It’s officially the postseason for Oregon’s track and field team. Both the men and women will head to the University of Arizona to compete in the two-day Pac-12 Track & Field Championships, starting on May 11.
The men will be seeking a 13th consecutive conference title, and are the favorites to do so. Both the women and men are the highest nationally ranked teams in the competition, at No. 5 and No. 7, respectively. However, USC’s men’s team at No. 9 with a solid set of sprinters and middle distance runners, will be a challenge for the Oregon men.
At last year’s Pac-12 championships, the women finished a close second behind USC. The Ducks and the Trojans will likely have the deepest teams in the field. The championship is also the final chance for Ducks to get into the top-16 for qualifying spots at NCAA regionals.
Thrower Maddie Rabing said now the postseason if officially here, there is a shift in competition as the meets have much larger team consequences.
“Towards this postseason, coach (Robert) Johnson emphasizes what you need to do to get your green uniform ahead of other uniforms, even if it’s not your best time,” Rabing said. “It’s less about your personal pr at that point and more about how you can help the team.”
Cravon Gillespie has established himself as the top sprinter in the conference, and he has the fastest seed times in the 100 and 200 meters. Freshman sensation Eric Edwards Jr. earned the top entry time in the 110-meter hurdles. Reed Brown, Oregon’s fastest 1,500 meter runner, is expected to be in contention for the event title. Brown will be joined by James West, who’s been looking to get more consistent in big meets this season.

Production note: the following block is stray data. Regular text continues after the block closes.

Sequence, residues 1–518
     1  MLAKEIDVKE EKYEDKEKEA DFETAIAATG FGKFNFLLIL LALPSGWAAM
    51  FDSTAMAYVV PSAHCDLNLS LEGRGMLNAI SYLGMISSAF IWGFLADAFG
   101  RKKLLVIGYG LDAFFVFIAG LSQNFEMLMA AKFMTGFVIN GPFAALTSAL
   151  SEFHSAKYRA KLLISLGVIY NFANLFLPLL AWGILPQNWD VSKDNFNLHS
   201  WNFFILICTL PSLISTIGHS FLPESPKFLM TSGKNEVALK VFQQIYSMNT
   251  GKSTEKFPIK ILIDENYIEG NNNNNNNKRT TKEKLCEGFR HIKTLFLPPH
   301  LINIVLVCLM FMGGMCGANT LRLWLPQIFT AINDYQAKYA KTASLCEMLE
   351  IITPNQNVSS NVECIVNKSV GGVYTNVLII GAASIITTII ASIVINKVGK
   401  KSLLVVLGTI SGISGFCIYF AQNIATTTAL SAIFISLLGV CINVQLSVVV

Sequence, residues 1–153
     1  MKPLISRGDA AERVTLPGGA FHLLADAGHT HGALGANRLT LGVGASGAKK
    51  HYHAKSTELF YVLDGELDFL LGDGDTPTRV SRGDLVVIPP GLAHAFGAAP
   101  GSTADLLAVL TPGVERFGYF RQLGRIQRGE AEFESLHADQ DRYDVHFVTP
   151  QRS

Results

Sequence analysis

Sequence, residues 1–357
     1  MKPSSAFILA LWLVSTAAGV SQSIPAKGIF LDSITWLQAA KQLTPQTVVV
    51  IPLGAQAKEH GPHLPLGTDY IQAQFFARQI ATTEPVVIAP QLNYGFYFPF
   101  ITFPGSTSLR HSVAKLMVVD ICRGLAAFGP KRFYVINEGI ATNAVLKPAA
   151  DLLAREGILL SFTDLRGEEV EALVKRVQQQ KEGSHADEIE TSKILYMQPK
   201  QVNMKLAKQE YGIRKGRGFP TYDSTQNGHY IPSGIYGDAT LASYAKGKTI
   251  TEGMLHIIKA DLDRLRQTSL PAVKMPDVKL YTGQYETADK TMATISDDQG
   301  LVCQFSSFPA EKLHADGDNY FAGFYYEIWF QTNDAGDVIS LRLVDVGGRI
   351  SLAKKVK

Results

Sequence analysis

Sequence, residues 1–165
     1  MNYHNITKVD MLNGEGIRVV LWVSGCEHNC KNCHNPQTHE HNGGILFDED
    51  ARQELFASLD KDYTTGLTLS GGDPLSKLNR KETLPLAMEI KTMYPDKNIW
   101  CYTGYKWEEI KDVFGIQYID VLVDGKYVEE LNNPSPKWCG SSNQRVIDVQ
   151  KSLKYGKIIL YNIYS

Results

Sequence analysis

On the women’s side, Jessica Hull has the fastest entry times for the 1,500 meters and 5,000 meters. This could be her last race at 5,000 meters, as she’ll focus her final collegiate races on 1,500. Carmela Cardama Baez is entered in both the 5,000 and 10,000 meters. Briyahna DesRosiers will race the 200 meters and the 400 meters, where she will be joined by teammate Hannah Waller.
Vollmer became Oregon’s fourth freshman in conference history to win the decathlon, and the first since 2004. Dalen Hargett finished fifth, which gives the men 14-points going into the two days of competition. Keira McCarrell eight place finish in the heptathlon gives the women one point to start. Colorado scored 13 points in the heptathlon, but don’t have enough depth to compete for a title.
“It definitely helps the cause when we can go in already with some points on the board from the multis,” Johnson said. “They’ve given us a great shot there.”
For the second time in event history, the entire meet will be broadcast live on Pac-12 Network starting at 7:30 p.m. on Saturday, May 11.
Follow August Howell on Twitter @howell_august